She shall have a stock of white frocks, made with good deep tucks, to let out for her as she grows——'"
Miss Halcombe paused, and looked at me across the piano.
"Did the forlorn woman whom you met in the high-road seem young?" she asked. "Young enough to be two- or three-and-twenty?"
"Yes, Miss Halcombe, as young as that."
"And she was strangely dressed, from head to foot, all in white?"
"All in white."
While the answer was passing my lips Miss Fairlie glided into view on the terrace for the third time. Instead of proceeding on her walk, she stopped, with her back turned towards us, and, leaning on the balustrade of the terrace, looked down into the garden beyond. My eyes fixed upon the white gleam of her muslin gown and head-dress in the moonlight, and a sensation, for which I can find no name—a sensation that quickened my pulse, and raised a fluttering at my heart—began to steal over me.
"All in white?" Miss Halcombe repeated. "The most important sentences in the letter, Mr. Hartright, are those at the end, which I will read to you immediately. But I can't help dwelling a little upon the coincidence of the white costume of the woman you met, and the white frocks which produced that strange answer from my mother's little scholar. The doctor may have been wrong when he discovered the child's defects of intellect, and predicted that she would 'grow out of them.' She may never have grown out of them, and the old grateful fancy about dressing in white, which was a serious feeling to the girl, may be a serious feeling to the woman still."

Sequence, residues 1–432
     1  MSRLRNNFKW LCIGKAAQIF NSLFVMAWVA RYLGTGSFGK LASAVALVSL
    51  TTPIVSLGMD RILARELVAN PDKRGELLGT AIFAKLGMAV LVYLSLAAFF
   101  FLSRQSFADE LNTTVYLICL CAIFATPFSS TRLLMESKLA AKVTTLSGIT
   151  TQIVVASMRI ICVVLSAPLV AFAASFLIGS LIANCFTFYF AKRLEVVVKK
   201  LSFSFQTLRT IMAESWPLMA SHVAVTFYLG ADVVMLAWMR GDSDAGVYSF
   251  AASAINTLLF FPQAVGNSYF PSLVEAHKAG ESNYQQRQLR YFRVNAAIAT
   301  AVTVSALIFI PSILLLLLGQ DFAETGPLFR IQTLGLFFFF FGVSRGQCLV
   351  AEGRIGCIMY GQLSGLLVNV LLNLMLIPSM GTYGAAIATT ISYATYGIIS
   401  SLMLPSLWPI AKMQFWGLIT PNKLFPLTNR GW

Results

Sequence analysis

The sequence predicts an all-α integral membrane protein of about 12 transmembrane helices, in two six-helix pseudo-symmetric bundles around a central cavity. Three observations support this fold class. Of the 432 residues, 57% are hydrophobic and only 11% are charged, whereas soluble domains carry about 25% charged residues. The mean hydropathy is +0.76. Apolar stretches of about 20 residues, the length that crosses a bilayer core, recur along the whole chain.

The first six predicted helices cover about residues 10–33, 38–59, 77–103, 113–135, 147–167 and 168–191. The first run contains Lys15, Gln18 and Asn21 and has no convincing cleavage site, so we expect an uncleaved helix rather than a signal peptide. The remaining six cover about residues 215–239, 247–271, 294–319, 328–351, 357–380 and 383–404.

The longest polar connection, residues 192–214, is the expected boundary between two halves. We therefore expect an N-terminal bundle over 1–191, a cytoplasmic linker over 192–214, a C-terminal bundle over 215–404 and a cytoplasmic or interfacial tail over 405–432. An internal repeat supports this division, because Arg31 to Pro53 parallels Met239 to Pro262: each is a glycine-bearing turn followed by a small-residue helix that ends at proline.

I said a few words in answer—I hardly know what. All my attention was concentrated on the white gleam of Miss Fairlie's muslin dress.
"Listen to the last sentences of the letter," said Miss Halcombe. "I think they will surprise you."
As she raised the letter to the light of the candle, Miss Fairlie turned from the balustrade, looked doubtfully up and down the terrace, advanced a step towards the glass doors, and then stopped, facing us.
Meanwhile Miss Halcombe read me the last sentences to which she had referred—
"'And now, my love, seeing that I am at the end of my